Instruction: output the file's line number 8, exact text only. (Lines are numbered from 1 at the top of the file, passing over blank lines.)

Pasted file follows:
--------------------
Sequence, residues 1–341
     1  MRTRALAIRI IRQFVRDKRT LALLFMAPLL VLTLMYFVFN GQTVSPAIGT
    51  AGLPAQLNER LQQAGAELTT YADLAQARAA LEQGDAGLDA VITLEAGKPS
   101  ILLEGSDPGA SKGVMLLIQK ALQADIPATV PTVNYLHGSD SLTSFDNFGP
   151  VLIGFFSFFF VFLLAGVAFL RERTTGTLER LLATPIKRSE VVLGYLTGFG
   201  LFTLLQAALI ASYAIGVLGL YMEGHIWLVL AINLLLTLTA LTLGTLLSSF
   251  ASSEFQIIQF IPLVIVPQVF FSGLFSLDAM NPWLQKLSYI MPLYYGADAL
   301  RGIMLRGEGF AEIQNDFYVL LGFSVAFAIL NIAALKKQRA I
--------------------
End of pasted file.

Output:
   301  RGIMLRGEGF AEIQNDFYVL LGFSVAFAIL NIAALKKQRA I